Research Fellows Directory
Dr Iohn Norberg
University of Durham
Galaxies are not distributed uniformly: they tend to clump together in groups and clusters. Our grasp of this distribution was revolutionised by large surveys that mapped out the distances of millions of galaxies by measuring their redshift. This key information on how galaxies are distributed in space contributed directly towards a standard model that describes the observed Universe, composed of three main parts and only 5% of it is ordinary matter. We believe 20% comes in the form or Cold Dark Matter (CDM), a theoretically motivated materia, yet to be directly detected, while ~75% is Dark Energy, a hypothetical form of energy filling the entire Universe. This drives my quest to further test the validity of the successful CDM model and to better understand what Dark Energy is.??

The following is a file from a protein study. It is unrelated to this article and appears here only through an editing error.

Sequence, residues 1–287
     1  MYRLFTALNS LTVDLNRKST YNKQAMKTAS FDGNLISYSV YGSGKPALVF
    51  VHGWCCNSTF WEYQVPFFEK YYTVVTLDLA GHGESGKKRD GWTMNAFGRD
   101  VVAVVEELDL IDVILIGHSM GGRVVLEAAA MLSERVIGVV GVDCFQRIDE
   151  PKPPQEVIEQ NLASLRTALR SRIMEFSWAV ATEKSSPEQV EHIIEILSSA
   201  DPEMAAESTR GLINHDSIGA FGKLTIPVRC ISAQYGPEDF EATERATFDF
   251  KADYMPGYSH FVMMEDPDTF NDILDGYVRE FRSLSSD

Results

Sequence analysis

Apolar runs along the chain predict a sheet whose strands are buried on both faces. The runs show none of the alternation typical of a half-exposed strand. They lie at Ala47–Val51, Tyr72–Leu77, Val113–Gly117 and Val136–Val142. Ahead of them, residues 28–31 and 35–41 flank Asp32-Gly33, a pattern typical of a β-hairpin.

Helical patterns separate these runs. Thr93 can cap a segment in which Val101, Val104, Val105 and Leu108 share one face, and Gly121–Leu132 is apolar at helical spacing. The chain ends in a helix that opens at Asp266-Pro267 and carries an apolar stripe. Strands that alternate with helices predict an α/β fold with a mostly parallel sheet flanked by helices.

The properties of CDM are accurately predicted via computer models. Dark Matter tends to cluster, forming large clumps (halos) connected by filaments, and creates a so-called cosmic web. This is very similar to the observed distribution of galaxies. Hence, in this structure formation model, CDM becomes the natural skeleton on which galaxies form and evolve. The main problem is the lack of a unique signature for its existence and its non-detection in underground experiments.??
The GAMA survey will measure 270,000 new galaxy redshifts and provide a complete account of all galaxies in the nearby Universe. I designed the survey size and depth to constrain a key CDM model prediction: the number of Dark Matter halos per unit volume as function of their mass. My work will consist in detecting and then counting the number of galaxy groups in GAMA and finally measure their masses. Via my test, the CDM model will be either confirmed or rejected. Dark Energy, unlike CDM, is theoretically poorly understood and observationally its properties are barely constrained. Using the Pan-STARRS imaging survey, my aim is to provide the critical analyses enabling constraints on Dark Energy models to be obtained.
Interests and expertise (Subject groups)